Creating characters – the pantser way

I know I am not fully in control of a story, but I usually have some idea where I want to go with it. Then, I introduce characters and they take over, sometimes taking the story in a completely different direction than I had planned. I am now, and will forever be, a pantser (you can read about pantsers and plotters here). That’s not gonna change any time soon, so I have learned to just live with it. Besides, I get to be as surprised as everyone else by what comes out of my pen.

Most of the time, it works. Other times, I read back over something I’ve just written, and know right away it won’t work. That’s why the delete key was invented. I delete everything that doesn’t work, have a stern talk with my main character, who just went heaven knows where, and we try again. Remember, even your main character can go off on a nonsensical tangent that has nothing to do with your novel, or slows it down or … you know, turns it into a disaster.

When it happens, do not panic. It’s not the end of the world, and it’s not the end of your novel. It’s nothing that can’t be fixed. Characters sometimes enjoy hogging the scenes, and you can always go back later and delete the unimportant stuff, or if it’s clear this new direction your main character is taking will derail your novel completely, go back immediately and delete it.

This works even for pantsers. We can generally just feel when a story isn’t going in the right direction. It’s part instinct and part experience. When I know a scene won’t work, when I know it will change the story so drastically that I won’t be able to recover it, I delete it right away, take a short break, then return to the story.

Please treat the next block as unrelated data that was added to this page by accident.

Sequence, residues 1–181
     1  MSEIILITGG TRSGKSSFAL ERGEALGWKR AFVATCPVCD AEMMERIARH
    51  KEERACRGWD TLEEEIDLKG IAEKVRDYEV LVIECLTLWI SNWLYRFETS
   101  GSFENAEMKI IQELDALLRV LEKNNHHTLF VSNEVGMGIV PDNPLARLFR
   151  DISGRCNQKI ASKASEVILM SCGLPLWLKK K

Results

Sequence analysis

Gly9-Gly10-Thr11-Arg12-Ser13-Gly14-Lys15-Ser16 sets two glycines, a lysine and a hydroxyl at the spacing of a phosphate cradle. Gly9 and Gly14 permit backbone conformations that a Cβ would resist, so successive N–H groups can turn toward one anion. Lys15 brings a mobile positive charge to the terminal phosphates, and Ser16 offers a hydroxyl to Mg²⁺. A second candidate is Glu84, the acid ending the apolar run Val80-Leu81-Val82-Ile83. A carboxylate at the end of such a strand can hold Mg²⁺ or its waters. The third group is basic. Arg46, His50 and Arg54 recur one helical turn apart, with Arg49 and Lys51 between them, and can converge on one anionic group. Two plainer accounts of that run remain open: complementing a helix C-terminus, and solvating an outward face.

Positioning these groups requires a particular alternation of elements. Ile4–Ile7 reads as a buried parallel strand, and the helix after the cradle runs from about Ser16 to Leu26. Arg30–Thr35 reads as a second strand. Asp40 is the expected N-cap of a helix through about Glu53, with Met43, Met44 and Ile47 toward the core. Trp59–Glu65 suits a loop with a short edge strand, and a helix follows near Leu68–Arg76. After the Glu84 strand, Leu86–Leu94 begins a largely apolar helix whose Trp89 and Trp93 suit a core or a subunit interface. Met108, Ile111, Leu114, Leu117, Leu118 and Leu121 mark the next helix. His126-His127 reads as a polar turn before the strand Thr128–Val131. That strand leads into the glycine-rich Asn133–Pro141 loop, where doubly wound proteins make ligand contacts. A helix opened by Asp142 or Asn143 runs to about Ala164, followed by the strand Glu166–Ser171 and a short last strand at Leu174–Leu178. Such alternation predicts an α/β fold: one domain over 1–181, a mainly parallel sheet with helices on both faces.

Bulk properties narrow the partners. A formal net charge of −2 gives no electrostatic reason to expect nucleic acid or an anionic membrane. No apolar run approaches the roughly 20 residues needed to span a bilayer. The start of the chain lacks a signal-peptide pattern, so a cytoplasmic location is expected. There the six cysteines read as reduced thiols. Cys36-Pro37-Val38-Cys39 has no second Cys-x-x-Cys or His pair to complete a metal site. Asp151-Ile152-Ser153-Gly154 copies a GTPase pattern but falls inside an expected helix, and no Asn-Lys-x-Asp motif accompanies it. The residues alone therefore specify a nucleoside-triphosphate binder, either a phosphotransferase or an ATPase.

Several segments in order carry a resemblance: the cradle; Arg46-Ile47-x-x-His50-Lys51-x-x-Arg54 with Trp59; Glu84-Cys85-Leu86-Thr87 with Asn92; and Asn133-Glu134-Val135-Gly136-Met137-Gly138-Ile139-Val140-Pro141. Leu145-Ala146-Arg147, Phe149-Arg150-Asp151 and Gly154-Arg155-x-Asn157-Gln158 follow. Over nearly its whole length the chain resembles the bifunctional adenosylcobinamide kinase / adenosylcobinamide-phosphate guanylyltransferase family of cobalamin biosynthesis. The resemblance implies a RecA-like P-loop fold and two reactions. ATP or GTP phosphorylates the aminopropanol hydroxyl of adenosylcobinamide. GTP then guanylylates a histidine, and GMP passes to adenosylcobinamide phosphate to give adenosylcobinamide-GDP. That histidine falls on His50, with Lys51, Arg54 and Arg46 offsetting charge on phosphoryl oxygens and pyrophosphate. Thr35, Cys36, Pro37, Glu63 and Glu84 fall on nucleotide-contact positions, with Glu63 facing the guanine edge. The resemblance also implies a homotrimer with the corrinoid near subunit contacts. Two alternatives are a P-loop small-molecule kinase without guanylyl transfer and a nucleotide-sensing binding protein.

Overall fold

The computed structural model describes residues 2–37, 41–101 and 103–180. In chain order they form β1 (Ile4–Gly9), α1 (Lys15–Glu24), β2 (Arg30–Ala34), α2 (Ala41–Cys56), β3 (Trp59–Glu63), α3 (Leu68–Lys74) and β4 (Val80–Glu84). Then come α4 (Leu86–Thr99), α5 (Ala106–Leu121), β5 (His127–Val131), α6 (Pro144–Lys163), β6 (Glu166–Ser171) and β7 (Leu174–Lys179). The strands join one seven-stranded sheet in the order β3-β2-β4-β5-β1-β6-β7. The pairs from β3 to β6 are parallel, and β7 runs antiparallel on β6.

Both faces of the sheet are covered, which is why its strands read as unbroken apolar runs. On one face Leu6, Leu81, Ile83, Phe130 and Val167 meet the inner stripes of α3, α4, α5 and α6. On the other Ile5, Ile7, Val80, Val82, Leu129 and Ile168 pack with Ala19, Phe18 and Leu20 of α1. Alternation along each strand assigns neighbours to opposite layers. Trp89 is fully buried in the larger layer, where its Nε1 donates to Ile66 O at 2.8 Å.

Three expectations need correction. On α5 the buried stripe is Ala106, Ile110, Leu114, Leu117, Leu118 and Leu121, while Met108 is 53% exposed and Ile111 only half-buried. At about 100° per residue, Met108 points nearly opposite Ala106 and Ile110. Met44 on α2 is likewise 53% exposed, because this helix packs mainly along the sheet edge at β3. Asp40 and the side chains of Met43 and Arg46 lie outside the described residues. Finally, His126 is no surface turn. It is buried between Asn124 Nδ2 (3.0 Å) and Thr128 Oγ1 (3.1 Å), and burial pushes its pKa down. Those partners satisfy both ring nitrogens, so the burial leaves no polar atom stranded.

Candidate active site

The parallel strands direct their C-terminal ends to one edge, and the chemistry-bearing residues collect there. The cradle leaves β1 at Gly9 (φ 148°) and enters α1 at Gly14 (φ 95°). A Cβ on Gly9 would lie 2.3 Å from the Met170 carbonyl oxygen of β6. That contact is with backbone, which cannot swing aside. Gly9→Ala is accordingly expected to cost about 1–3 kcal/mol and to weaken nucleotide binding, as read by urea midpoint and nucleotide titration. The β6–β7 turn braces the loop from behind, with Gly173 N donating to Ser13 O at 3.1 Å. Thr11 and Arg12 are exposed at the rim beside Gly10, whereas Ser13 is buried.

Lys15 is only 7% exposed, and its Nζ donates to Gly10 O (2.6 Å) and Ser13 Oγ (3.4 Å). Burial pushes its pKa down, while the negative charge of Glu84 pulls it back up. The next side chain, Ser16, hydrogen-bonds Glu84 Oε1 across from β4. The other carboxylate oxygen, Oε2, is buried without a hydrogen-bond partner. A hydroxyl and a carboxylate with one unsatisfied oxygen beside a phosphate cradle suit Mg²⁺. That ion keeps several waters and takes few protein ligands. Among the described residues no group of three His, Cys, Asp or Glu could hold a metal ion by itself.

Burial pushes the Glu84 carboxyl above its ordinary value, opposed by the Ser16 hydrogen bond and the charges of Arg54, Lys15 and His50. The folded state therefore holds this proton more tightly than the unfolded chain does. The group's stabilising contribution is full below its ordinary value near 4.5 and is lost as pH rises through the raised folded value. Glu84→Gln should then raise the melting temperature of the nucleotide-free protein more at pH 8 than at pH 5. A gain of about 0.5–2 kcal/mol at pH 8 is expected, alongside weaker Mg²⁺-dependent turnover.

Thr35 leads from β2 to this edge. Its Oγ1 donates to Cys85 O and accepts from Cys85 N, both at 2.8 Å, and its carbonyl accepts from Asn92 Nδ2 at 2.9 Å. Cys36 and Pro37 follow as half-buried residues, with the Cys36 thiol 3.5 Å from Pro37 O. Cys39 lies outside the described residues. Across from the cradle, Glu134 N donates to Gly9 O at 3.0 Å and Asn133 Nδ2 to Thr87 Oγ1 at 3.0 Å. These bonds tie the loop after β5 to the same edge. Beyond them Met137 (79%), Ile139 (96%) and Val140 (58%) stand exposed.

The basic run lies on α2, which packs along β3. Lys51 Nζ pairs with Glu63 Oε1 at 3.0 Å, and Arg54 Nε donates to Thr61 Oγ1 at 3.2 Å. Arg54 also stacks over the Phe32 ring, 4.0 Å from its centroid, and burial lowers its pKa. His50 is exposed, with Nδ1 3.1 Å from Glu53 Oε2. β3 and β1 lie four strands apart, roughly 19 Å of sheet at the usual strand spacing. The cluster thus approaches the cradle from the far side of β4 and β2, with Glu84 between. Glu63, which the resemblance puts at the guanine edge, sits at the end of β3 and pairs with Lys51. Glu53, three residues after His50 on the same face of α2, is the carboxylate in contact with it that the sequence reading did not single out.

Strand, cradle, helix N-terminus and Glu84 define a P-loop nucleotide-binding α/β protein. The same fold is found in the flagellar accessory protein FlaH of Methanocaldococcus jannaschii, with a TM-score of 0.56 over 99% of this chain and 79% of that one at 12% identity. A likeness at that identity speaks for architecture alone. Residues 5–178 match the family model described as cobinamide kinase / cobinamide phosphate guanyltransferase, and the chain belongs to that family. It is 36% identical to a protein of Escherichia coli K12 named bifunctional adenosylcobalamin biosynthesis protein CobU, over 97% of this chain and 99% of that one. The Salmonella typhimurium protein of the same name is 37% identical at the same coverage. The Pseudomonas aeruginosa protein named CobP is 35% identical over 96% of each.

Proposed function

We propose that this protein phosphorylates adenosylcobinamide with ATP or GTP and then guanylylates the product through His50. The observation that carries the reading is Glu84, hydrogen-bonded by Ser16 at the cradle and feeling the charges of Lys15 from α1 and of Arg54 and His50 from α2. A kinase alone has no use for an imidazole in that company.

But, you may ask, what about character development, and arc and all that literary stuff that always gets hammered into our heads? I don’t know about other writers, but when I try to force development, growth, arc and what not else, it doesn’t work. My characters come out forced, fake and one-dimensional. Just like real life, I get to know my characters one page at a time, they reveal themselves, their personalities, their pasts, their interests, hobbies, and secrets to me bit by bit, and by the end of the novel, it’s all there. It comes naturally to most of us. If you’re really inside the head of your character, you won’t need to fret about this stuff while you’re drafting, it will all come out by itself.

That said, there are a few things you need to know before you start writing, and that’s a fairly good idea of your character’s back story, and what they look like. Again, you may ask, if I have no control, and know very little about my main characters, how do I know anything about them before I start? The answer is that when I get a new story idea, I don’t start writing right away. When a character shows up to “tell” me his or her story, I usually give it a few days before I sit down to write it. My husband calls it daydreaming, I call it work. Basically, I do no writing for a few days, but whenever I get a chance, I sit back, pop on my headphones, turn up the music, and let the character in. He will tell me his story, not all of it, but enough to give me an idea. This is usually the time I get a clear image of what the character looks like, I get glimpses into his personality, his past, his working life, etc. and I take notes.

Here is a short list of the things you need to know about your main character/s before you start writing about them:

1) Looks (hair colour, body shape, eye colour, height, etc) – You don’t have to go into too much detail here if you don’t want to. Some authors like to describe a character’s looks down to the over-sized pore on their chin, others’ enjoy giving only a faint outline, leaving the rest up to the reader’s imagination.